I’m often intrigued by how my twelve-pound rescue poodle interacts with other dogs and other people. At a high level it’s easy, he likes boy dogs and girl people, but it’s actually more complicated that that. As always there are lessons to learn from Pepper that I can apply in my life.
Be Authentic. Pepper is exactly who he puts out there. He is an energetic, friendly, a little bit alpha poodle. It is possible that his inside authentic self is a 70 pound dog rather than the 12 pound body that contains him. He is a well behaved dog 98% of the time and a brat the rest of the time. While he is mindful of his behavior around some people, he is never anyone different than his authentic poodle self.
Be Appropriately Vulnerable. With his best friends, Pepper is willing to be completely vulnerable. With his dog best friend, Harry, this means that he greets Harry with complete joy every, single time, even if Harry ignores him. He will also quite happily sit under Harry. With people this means that Pepper will roll over on his back and trust that the person who is holding him will treat him well or he will jump into my arms for love from one of his favorite people. But, for people and dogs that he does not totally trust, he is not vulnerable, he does not expose his belly (and his privates), he does not make it easy for them to pick him up, and he does not sit underneath them. Brene Brown in her work on vulnerability talks about the importance of choosing carefully and mindfully with whom you will be vulnerable.
Give Love. There are many people (and a few dogs) who Pepper knows and loves. He will greet them warmly even if he has not seen them for a year. Often he begins to get excited by their visit when he sees their car drive by our living room windows. He is excited to see them and appreciates the love that they give him. But, this is not a vulnerable love. He is quite content after a greeting to go back to other pressing matters such as keeping guard at the window on his constant watch for Harry, playing with his favorite beanie baby, or, usually, napping.
Be Kind. Pepper is kind to most people and many dogs. He’ll sniff cautiously and say hello. He may bark at them if they get too much “into his business” but generally he is kind to other dogs. Similarly, most people get a warm, friendly greeting from Pepper. He makes them feel special and treats them as if he is happy to see them, and he is. However, he minds his boundaries and does not display vulnerability or the unconditional love that is the trademark of his relationship with Harry and with my stepdaughter whom he adores.
Be Mindful. Pepper, with instincts I don’t think I will ever understand, is mindful of the people and dogs around him. He has an uncanny ability to react appropriately to new people. With an older frail person, he will sit and look longingly into their eyes. With a young, strong person, he will jump up for attention and love, with young children, he will melt into their laps and let them play with him, pet him, and generally enjoy themselves. He mindfully senses and responds to what others need.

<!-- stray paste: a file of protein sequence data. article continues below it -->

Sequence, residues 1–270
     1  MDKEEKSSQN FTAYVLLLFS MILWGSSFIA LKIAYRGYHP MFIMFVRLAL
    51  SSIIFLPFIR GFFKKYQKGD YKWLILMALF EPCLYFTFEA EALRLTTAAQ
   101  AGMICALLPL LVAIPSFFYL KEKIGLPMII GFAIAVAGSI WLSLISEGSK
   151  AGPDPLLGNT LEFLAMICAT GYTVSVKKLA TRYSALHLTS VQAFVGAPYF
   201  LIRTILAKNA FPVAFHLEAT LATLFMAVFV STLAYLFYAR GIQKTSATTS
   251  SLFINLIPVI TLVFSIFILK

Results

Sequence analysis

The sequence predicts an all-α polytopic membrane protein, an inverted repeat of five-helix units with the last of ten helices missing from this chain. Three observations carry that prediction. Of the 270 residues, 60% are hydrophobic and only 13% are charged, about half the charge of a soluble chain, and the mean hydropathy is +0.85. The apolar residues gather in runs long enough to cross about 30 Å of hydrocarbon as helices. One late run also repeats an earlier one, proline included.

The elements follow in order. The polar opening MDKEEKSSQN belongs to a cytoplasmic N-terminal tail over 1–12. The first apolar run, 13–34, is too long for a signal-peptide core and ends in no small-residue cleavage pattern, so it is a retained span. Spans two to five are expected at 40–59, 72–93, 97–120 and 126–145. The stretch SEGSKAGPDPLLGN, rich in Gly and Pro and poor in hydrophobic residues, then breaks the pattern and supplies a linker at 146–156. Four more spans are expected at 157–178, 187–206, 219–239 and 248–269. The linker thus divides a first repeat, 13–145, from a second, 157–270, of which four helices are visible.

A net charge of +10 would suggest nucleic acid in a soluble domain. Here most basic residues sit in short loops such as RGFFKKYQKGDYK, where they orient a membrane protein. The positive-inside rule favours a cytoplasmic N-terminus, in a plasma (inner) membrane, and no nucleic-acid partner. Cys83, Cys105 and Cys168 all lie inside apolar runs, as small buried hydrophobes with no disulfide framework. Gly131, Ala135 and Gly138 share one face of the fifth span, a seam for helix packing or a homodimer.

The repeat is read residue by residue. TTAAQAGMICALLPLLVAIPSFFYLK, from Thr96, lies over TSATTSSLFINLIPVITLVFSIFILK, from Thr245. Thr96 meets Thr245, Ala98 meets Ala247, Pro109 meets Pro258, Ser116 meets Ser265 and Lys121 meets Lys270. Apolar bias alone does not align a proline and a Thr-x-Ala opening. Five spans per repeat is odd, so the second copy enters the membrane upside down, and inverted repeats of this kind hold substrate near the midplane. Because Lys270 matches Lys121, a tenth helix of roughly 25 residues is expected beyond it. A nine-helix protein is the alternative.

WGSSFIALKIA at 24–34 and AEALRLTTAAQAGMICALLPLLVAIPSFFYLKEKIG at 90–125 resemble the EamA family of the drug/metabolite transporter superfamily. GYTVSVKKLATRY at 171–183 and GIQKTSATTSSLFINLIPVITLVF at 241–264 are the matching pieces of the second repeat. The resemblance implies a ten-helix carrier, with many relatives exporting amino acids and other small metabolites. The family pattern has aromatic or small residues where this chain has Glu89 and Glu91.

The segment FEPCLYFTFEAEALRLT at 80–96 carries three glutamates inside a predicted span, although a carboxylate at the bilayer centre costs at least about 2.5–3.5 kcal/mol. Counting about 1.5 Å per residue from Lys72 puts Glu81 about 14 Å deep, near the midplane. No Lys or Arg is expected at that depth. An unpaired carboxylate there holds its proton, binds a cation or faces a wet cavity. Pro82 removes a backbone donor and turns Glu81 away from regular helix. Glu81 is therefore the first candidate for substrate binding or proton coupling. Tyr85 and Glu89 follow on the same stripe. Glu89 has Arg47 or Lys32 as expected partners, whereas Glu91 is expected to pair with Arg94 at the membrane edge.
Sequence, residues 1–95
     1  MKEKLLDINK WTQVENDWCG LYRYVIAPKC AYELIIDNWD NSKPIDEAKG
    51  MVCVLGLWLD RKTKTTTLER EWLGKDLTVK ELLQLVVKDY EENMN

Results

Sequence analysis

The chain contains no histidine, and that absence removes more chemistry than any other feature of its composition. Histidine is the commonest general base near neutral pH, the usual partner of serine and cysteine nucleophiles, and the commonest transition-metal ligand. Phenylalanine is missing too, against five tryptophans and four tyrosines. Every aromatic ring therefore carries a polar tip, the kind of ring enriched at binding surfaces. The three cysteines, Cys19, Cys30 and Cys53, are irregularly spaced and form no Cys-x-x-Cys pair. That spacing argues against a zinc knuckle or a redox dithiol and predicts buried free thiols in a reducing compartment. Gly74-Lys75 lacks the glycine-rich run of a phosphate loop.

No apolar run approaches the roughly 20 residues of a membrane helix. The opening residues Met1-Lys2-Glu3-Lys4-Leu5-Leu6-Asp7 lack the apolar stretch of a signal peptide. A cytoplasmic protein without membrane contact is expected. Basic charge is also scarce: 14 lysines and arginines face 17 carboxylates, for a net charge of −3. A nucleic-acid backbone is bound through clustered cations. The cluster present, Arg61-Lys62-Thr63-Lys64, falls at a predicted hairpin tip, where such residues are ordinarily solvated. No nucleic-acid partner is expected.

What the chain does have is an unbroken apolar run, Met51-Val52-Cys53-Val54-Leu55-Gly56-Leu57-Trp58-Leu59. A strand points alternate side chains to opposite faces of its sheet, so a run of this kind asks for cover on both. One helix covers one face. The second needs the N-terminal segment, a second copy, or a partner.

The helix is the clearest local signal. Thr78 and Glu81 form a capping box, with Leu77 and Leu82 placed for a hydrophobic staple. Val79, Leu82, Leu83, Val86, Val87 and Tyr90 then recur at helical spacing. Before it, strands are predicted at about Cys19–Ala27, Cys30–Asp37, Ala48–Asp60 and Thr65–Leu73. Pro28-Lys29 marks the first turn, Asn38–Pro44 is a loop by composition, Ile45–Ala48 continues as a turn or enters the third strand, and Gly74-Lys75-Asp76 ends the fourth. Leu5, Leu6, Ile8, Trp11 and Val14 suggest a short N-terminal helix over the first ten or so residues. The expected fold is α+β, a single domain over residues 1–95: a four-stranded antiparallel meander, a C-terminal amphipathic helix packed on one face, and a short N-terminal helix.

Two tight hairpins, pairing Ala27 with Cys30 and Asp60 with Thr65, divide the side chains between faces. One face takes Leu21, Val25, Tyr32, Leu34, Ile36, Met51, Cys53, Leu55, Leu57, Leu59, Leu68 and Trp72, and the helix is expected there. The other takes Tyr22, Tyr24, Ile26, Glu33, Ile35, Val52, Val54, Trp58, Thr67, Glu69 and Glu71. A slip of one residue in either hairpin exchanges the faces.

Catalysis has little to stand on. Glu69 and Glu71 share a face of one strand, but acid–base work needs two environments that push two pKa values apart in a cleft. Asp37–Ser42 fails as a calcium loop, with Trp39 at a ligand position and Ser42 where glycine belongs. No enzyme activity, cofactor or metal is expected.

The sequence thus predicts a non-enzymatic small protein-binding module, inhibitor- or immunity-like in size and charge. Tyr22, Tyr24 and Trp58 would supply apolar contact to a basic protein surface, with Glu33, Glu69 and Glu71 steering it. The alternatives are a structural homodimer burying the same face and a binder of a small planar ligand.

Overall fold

Have Fun. Pepper has fun with his friends. He plays, he cavorts, he jumps, and he runs. He does not go out to dinner with his friends or spend a lot of money when he is with them.
Be Wary. When we first adopted Pepper (who is a rescue) he would run up to any stranger any time. I think it was probably a survival mechanism from when he lived on the street (note I do not recommend adopting this strategy). Now that he feels more secure with us, Pepper is appropriately wary of strange people and strange dogs. If he sees a dog that he doesn’t trust on a walk, he will step closer to us and mind his own business as we pass the suspect beast. With people he will often let them greet him, but he sits quietly and does not engage. The exception is when he feels he is protecting us in which case he barks his head off. He understands that this amazing world has some dangers within it without letting them interrupt his joy.
Here are the lessons I am drawing from Pepper at this point in time. I love and enjoy my friends without judgment. I am putting a high priority on being kind. I love the consideration “Is it true? Is it necessary? Is it kind?” before saying something.
At the same time, just as Pepper will not spend time with people or dogs who are mean to him, I am not putting energy into friendships where I see meanness. Most importantly for me is that I will continue to be authentic while being more mindful of with whom I am vulnerable. My call to action is to suggest that spending more time being kind, authentic, appropriately vulnerable, and mindful of others’ feelings and needs might just make for better, healthier friendships and shift the conversation from “Shall I unfriend you on facebook?” to “How can we best honor each other’s unique and beautiful spirits?”